Intestate: As a skilled probate lawyer Arlington TX relies on can explain, “intestate” means having died without making a Will. Wills provide guidance to the courts and family as to what to do with property and belongings when someone passes away. When there is no Will in place, it is called Intestate and there is a completely different process for probating the estate. When someone passes without a Will the state will distribute the property to the remaining dependents or close relatives of the deceased. The court will also appoint an administrator but the process of probate is the same with or without an administrator.
Beginning the process of probate
The probate process is fairly easy. Whether or not the Decedent died with a Will or without a Will, an application for probate must be filed in a Probate Court.
After the application has been filed, probate law often requires that you must wait approximately 2 weeks before a hearing to determine the necessity to open the Administration of the Estate and/or to recognize the Decedent’s Will as valid is set.
During the 2-week waiting period, the County Clerk posts a notice at the courthouse that an application has been filed for probate. This posting serves as a notice to anyone who might want to contest the Will or administration. If someone wants to contest then they have a certain number of days to do that. If they fail to file their contest within that period of time, the Court can determine the validity of the will, if there is one, and move forward with an administration.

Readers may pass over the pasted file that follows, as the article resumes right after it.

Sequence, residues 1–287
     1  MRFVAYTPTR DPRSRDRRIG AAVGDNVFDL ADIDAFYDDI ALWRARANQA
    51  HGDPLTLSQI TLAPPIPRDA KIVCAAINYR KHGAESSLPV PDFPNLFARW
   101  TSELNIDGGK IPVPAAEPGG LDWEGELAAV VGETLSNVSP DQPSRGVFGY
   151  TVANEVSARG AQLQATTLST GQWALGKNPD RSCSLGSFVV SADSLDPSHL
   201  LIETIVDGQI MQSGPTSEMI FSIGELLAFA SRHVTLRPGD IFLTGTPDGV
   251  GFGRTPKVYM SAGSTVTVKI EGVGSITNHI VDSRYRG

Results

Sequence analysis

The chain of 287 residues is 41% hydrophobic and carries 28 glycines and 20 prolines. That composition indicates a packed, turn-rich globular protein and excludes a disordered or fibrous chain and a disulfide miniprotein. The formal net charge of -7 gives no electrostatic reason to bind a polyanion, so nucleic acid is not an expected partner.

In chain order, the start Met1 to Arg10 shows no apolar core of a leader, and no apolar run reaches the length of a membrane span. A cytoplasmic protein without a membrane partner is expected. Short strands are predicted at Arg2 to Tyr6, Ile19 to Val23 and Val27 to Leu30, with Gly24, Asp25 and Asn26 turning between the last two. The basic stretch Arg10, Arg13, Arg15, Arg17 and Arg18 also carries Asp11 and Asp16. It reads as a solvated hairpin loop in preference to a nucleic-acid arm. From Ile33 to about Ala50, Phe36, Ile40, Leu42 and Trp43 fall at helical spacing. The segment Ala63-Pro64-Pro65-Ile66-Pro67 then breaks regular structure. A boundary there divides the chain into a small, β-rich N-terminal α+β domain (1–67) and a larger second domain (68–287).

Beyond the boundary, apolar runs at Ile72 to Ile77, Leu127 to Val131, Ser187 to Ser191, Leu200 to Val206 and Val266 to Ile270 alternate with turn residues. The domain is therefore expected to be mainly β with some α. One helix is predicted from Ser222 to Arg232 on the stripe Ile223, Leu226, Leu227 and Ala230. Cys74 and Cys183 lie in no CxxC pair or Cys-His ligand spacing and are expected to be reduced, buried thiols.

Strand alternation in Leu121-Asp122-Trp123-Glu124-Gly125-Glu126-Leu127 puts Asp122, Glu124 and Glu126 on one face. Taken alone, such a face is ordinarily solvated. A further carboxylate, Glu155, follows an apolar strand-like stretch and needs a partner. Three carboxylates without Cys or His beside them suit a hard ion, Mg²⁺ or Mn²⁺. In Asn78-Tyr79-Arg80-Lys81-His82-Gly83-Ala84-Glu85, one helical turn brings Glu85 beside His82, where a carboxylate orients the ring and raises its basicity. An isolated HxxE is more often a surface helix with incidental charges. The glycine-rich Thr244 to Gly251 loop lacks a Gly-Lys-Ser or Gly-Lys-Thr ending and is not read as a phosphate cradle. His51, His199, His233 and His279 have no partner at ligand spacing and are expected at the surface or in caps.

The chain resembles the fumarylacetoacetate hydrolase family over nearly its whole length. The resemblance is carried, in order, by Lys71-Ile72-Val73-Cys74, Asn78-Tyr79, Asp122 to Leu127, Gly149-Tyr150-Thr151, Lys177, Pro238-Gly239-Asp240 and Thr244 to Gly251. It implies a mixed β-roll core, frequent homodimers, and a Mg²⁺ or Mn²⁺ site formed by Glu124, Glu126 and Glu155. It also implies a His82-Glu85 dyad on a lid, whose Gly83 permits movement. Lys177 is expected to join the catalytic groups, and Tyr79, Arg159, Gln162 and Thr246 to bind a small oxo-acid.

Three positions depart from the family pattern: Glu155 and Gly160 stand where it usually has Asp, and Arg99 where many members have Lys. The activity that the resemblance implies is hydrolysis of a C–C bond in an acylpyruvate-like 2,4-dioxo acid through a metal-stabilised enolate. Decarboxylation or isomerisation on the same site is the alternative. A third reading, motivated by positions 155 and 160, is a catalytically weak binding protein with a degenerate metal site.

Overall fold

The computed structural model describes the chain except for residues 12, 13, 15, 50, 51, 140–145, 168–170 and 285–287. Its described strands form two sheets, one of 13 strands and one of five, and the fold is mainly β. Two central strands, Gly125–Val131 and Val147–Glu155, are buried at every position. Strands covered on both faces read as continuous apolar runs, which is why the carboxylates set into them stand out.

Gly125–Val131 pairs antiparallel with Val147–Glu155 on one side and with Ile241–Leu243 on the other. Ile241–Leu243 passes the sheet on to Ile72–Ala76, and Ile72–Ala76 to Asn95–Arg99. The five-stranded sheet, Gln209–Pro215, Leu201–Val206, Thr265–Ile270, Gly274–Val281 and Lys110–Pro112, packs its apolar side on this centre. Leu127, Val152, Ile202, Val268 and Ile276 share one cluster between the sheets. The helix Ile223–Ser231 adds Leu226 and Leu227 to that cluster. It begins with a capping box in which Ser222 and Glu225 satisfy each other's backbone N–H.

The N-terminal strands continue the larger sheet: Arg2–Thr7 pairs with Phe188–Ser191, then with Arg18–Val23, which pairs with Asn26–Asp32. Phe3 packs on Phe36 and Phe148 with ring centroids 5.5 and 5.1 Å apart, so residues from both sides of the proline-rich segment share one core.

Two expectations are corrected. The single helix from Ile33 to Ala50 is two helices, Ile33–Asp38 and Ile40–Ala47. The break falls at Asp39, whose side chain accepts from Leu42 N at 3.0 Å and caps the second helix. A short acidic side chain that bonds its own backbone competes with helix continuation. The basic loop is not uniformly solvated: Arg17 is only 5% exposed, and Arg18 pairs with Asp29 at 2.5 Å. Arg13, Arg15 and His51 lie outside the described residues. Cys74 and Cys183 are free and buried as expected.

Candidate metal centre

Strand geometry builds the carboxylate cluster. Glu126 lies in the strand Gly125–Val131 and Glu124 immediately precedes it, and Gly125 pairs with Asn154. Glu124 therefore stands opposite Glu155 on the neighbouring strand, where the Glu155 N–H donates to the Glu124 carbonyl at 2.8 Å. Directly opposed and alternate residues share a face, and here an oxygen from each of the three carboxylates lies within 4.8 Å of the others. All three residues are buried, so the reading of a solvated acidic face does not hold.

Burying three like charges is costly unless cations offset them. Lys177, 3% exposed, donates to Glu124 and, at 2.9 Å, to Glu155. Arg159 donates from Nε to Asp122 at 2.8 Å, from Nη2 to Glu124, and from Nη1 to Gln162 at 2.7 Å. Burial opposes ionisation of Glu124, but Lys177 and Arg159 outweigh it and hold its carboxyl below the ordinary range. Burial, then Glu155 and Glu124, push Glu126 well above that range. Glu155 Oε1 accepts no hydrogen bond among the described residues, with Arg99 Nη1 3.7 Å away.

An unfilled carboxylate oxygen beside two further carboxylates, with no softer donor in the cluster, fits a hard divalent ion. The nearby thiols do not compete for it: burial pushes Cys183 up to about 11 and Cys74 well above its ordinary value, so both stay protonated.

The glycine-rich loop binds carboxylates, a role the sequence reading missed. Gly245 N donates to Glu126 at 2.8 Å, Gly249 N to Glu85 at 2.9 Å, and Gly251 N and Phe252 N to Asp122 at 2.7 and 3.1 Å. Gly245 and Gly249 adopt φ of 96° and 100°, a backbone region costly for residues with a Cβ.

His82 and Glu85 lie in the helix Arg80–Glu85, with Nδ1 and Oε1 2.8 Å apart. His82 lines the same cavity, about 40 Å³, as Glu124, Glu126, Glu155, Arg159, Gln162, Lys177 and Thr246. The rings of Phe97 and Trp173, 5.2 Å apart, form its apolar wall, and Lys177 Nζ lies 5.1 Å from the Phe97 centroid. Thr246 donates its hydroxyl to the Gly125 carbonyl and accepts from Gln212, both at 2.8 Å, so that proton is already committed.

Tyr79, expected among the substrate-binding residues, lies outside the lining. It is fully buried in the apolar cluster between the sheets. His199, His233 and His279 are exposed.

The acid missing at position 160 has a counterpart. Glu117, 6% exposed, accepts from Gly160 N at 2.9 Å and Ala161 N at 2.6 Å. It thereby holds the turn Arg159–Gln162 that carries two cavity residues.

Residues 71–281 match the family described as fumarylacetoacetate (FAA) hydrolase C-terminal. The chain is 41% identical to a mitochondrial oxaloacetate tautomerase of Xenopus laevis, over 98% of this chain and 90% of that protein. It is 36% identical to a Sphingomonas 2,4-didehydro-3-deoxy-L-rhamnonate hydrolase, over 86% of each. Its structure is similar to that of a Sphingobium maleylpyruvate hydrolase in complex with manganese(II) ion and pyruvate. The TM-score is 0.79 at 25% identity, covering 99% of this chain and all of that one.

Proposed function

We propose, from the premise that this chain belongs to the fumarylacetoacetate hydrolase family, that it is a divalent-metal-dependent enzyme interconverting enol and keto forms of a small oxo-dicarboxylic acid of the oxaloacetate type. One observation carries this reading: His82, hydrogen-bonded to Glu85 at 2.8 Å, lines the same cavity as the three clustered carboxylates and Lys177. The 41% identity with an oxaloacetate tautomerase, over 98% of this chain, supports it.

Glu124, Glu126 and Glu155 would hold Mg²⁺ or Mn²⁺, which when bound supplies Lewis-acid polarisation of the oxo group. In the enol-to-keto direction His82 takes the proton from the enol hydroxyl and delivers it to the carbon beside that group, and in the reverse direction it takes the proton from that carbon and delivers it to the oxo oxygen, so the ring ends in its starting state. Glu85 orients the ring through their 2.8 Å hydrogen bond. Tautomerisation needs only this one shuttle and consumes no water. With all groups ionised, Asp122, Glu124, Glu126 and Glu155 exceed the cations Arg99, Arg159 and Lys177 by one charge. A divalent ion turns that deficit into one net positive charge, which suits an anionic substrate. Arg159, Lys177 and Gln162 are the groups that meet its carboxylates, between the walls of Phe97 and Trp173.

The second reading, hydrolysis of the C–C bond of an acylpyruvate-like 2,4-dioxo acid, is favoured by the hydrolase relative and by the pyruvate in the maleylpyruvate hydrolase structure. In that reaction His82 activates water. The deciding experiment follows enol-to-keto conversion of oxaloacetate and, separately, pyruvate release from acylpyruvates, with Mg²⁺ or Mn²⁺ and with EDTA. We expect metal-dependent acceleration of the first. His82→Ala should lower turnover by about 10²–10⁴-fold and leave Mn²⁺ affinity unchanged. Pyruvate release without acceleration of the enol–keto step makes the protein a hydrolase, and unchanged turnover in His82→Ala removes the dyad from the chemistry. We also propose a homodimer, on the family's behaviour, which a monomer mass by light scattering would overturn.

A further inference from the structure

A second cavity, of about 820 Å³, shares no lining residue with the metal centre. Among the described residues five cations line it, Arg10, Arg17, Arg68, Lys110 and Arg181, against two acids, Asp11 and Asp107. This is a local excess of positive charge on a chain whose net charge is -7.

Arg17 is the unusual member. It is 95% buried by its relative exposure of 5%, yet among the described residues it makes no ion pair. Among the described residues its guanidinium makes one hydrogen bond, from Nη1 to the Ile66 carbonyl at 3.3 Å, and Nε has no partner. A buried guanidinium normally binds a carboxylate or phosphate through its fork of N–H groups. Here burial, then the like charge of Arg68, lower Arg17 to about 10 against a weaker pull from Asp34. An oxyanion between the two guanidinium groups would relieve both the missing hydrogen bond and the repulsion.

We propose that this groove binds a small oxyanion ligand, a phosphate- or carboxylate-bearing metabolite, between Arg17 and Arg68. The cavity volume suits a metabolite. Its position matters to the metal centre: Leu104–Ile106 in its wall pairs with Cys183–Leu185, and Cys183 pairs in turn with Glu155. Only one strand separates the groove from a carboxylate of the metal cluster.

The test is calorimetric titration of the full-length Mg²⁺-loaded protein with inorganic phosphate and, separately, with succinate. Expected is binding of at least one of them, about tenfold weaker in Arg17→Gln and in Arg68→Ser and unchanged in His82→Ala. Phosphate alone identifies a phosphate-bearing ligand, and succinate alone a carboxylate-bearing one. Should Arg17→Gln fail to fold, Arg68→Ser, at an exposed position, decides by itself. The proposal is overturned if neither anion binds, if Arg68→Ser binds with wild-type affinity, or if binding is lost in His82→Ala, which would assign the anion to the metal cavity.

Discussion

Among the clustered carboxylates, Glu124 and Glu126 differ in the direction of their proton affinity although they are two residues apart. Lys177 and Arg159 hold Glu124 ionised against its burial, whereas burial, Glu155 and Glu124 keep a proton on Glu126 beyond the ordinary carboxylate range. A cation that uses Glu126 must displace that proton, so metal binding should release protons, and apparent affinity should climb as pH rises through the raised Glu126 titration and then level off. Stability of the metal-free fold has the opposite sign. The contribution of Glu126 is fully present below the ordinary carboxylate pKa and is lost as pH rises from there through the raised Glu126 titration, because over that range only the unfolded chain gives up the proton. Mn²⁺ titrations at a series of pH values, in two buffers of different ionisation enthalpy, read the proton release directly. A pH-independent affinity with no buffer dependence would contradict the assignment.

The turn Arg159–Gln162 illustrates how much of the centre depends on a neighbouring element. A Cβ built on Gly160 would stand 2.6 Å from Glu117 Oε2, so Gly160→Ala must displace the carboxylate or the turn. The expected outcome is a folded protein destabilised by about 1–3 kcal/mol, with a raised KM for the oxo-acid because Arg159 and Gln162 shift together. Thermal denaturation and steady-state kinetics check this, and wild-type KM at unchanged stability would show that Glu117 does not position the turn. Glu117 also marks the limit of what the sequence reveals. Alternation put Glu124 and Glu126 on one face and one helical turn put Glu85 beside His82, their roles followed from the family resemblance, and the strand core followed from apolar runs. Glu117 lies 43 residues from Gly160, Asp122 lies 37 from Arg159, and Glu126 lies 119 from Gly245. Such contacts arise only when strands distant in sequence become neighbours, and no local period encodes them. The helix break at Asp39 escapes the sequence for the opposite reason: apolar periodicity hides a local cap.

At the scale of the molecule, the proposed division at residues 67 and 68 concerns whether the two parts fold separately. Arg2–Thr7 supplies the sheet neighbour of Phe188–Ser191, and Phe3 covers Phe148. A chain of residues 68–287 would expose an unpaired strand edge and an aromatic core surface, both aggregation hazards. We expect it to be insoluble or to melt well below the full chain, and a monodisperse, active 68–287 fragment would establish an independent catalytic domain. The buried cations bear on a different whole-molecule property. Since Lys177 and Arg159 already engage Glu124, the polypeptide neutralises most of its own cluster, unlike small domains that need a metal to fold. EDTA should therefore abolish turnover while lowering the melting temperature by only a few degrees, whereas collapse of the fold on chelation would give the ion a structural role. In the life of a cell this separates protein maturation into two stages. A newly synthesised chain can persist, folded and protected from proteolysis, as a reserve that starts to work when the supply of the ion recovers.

Once the waiting period has passed, a hearing will be conducted before the probate Judge. The courts will recognize the passing of the individual and either distribute property or appoint an administrator.
Once the courts decide to distribute property it will be distributed in two ways, community property and separate property.
- Community property is property which is acquired during marriage. It will go to the deceased person’s spouse unless they have adult children. If there are adult children, then property will be split in ½ between the spouse and adult children. The distributions differ depending on personal and real property.
- Separate property is that which was owned before the marriage or that which is an inheritance that was obtained during the marriage. If it is separate personal property, then it is split 1/3 to the spouse and 2/3 to the children. If the property is separate real property, then it is passed to the deceased children.
- If the deceased has no children, then all separate property is given to the spouse.
Thanks to our friends and contributors from Brandy Austin Law Firm PLLC for their insight into intestate probate process.